Coaches on the island believe Ne'emia has the power and speed to succeed at almost any position, even at the Division I college level. His mother, Queen, was a shot-putter; Vai Vitale was a boxer. They met at the Pacific Games in 1989 and, a year later, gave birth to a son blessed with both of their talents. Ne'emia dreams of becoming a tight end in college, so he can block on one play and sprint downfield on the next. His 2.6 grade-point average -- which includes poor grades in some core science classes -- might hamper his eligibility, so Ne'emia takes a daily two-hour SAT prep class offered for free to the island's best football players.
On this day, he grunts during the scrimmage while he manhandles the defensive lineman across from him. Iake Teo, the afternoon's unfortunate opponent, repeatedly falls backward under Ne'emia's weight, and Iake's thighs and shoulders grind against the rocks and dirt.
"Stop trying to hurt me," Teo says, speaking in Samoan. "This is only a scrimmage."
"I won't stop," Ne'emia says. "Do you think Faga'itua will take it easy if you ask?"
All six teams in American Samoa play each other twice during a regular season that begins in August. Each game is played at the same 5,000-seat stadium and broadcast live on Samoa's only radio station. In November, the two best teams meet in the island's championship game. Last year, Leone beat Faga'itua by a touchdown. Fights erupted in the stands. Coaches brawled. Ta'ase, the head coach at Faga'itua, got punched in the face and later filed charges with the police.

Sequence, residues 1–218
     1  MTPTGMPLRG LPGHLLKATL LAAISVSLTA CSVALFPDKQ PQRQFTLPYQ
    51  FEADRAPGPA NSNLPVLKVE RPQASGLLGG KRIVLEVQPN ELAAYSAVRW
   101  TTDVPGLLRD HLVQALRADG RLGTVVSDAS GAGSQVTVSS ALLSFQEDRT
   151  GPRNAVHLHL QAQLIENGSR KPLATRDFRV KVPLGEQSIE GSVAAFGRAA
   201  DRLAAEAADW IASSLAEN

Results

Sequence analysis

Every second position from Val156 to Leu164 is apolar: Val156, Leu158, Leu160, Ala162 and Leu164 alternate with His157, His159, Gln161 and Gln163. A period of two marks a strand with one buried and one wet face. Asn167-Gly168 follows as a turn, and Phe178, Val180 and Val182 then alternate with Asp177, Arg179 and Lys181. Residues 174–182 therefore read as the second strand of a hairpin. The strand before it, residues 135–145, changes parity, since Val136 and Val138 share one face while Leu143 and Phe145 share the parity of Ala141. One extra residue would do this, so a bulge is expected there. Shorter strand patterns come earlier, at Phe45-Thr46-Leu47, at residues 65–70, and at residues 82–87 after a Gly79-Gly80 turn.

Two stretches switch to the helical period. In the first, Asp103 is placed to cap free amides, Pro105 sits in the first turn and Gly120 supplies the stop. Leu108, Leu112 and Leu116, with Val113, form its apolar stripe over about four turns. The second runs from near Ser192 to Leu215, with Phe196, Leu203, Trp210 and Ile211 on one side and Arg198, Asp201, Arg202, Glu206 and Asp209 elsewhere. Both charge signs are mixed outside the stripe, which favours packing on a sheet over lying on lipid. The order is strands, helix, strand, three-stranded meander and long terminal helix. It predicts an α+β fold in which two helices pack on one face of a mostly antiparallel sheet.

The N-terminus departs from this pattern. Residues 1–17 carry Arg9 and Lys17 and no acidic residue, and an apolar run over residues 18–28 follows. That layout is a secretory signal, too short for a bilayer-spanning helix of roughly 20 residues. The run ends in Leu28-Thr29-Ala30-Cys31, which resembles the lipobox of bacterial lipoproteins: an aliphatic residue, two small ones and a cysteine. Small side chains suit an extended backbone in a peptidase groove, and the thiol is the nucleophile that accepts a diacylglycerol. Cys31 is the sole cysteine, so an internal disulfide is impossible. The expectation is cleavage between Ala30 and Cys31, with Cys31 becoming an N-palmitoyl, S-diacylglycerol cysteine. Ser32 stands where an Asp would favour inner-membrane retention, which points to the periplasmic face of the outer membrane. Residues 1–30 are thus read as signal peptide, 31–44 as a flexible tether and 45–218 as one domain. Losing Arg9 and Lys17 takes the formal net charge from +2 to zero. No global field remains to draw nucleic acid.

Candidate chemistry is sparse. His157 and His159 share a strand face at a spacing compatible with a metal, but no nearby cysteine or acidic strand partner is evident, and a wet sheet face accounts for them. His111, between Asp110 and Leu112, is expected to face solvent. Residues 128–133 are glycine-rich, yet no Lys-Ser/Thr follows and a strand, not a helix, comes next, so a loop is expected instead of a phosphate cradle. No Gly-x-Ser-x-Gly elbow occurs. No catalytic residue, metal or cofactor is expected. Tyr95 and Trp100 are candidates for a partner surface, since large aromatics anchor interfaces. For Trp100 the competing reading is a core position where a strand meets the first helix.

Sports officials on the island work to minimize football-related violence -- police escorts are provided for all team buses and some varsity games start as early as 8 a.m. -- but they've yet to experience much improvement. Each high school represents villages, and village pride fuels tension in American Samoa. The west side of the island is decorated mainly in the green of Leone's Lions; the east side is covered in red for Faga'itua's Vikings. Other subsections are bathed in blue, or gold, or yellow -- a whole island segregated by colors. Some residents of each village line the street and throw stones at a rival team's bus as it passes through.
"We all have to duck under the windows," Ne'emia says.
At the end of practice, Pati ushers two medium-size stray dogs inside the fence. He tells his players to line up for conditioning, blows his whistle and watches his team thunder downfield. The dogs take off after the players, their chase instincts triggered. They catch up to the last runner, bark and snap at the player's ankles. The runner speeds up to avoid being bitten, and the dogs go after the next-slowest runner. Pati slaps his hand against his thigh and laughs.
"See that?" he says. "That's what we call a speed coach in American Samoa."
* * *